The solution to all of this is recommended in a recent client note David Fox, Daniel Wolf and Susan Zachman of Kirkland & Ellis. They highlight the need to assess index fund ownership early in the tender offer process and work with the funds to arrange a market sale prior to the offer expiration date if their ownership is going to be a problem.
The disconnect between control and full ownership in tender offers has spurred the rise of the top-up. This is an option issued by the target which allows the acquirer to purchase shares from the target after the closing of the tender offer. The top-up typically allows the acquirer to purchase sufficient shares to put the acquirer over the 90 percent level forgoing the need for a shareholder vote if the acquirer only acquires say 60 percent of the shares. According to MergerMetrics, more than 90 percent of tender offers so far this year included a top-up option. You can read more about top-ups in my prior post.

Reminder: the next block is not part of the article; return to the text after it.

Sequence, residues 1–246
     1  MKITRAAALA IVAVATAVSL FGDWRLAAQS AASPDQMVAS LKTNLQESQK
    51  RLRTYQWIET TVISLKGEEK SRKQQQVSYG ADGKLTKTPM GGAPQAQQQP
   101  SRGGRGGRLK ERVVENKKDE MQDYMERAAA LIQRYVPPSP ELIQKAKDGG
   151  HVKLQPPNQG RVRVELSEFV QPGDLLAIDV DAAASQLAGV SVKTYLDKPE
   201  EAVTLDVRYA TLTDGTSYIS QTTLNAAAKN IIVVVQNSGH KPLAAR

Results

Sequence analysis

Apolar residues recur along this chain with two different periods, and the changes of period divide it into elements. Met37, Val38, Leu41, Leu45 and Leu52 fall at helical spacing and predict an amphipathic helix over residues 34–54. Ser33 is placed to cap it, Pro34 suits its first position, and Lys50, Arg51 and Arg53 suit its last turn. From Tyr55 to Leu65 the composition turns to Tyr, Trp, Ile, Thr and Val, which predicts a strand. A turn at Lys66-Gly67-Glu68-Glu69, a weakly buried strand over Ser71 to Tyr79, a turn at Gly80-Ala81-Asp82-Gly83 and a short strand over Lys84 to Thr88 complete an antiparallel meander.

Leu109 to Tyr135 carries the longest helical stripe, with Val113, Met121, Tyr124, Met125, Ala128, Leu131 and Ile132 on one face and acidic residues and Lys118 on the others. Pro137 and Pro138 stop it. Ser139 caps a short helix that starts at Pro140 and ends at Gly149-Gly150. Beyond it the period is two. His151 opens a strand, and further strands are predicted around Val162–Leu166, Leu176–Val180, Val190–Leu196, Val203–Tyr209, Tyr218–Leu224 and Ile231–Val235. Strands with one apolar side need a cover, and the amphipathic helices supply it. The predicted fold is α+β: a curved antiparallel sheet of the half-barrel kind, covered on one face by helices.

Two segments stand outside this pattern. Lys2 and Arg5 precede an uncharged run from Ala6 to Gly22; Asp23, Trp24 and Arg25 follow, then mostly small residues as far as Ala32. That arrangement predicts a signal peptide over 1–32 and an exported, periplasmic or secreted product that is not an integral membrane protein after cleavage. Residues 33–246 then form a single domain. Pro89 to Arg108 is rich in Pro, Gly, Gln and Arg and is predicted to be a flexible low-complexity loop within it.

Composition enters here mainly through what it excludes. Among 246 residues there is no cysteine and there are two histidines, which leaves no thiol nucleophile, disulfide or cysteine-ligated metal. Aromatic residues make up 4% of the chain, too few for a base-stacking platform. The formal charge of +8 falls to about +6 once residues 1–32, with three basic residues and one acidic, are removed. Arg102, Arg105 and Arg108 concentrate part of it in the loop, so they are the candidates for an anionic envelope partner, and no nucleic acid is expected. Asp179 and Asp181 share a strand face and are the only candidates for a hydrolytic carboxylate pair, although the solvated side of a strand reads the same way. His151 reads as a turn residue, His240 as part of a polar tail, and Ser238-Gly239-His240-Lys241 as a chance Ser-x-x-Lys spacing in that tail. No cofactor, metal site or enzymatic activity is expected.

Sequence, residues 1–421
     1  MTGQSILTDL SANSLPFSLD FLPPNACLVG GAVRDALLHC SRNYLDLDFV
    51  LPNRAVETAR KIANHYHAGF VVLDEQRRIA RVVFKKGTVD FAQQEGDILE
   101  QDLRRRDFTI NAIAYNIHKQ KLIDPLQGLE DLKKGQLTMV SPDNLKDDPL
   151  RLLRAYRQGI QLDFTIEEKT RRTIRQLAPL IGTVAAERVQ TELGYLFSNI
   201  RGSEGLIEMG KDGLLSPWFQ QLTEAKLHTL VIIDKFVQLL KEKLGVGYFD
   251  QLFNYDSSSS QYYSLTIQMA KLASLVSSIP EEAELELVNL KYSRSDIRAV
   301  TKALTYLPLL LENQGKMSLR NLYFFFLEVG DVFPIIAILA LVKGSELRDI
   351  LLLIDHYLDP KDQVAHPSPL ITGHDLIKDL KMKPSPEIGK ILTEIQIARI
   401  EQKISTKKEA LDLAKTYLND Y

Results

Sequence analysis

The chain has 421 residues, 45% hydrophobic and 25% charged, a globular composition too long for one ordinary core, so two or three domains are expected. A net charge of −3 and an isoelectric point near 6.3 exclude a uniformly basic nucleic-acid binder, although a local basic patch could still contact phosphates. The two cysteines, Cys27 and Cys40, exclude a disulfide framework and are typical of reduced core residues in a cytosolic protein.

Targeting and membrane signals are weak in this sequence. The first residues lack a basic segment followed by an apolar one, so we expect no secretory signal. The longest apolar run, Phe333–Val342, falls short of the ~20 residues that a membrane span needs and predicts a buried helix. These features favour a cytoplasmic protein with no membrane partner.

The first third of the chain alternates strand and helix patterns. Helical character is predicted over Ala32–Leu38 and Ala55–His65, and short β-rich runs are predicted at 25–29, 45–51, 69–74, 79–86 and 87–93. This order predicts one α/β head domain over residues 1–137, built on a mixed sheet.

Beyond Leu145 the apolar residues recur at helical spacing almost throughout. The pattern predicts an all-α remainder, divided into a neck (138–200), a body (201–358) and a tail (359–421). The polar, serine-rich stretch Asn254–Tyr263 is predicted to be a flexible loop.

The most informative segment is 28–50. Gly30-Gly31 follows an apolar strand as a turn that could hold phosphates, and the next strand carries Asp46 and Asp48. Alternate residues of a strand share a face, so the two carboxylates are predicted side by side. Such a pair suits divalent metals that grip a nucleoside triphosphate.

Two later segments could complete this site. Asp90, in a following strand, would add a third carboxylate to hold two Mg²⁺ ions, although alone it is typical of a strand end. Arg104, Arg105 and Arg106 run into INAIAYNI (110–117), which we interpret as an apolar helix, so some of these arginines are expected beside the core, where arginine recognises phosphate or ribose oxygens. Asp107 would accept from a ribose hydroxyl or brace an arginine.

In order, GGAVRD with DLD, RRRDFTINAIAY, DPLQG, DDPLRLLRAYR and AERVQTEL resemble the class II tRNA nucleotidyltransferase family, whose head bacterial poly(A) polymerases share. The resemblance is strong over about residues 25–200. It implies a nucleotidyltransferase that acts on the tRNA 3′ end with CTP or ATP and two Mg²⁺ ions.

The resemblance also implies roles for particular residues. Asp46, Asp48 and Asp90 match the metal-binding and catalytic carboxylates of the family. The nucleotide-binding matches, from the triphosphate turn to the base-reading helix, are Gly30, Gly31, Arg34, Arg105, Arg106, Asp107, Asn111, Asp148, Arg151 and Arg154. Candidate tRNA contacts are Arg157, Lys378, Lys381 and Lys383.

In a recent tender offer, Dainippon Sumitomo Pharma’s offer for Sepracor, a top-up option was provided that was set off when the acquirer achieved only a bare majority of the outstanding shares. This option provided Dainippon the right to purchase that number of shares to maintain a majority of the outstanding shares. The option effectively allowed Dainippon to consummate the merger if it acquired 50 percent of the outstanding shares rather than the more normal formulation of 50 percent of a fully diluted majority (i.e., including options and other rights convertible into common stock).
This meant that Dainippon could obtain full ownership by purchasing less than a full majority of the stock. Nonetheless, this situation was averted when the Dainippon tender offer closed on Tuesday night and Dainippon purchased 78.2 percent of the outstanding Serpacor shares.
There is some talk over whether this type of top-up option is appropriate since it allows acquirers to theoretically gain control when they do not actually have it. I for one feel uncomfortable about it. However, absent some egregious facts and given independent and arms-length bargaining, I am not sure this is a legal issue, at least in Delaware under its standards. The same threshold of a bare majority of outstanding shares applies in mergers. This is merely putting tender offers on parity with mergers. I expect this type of option to spread and become more common in tender offers.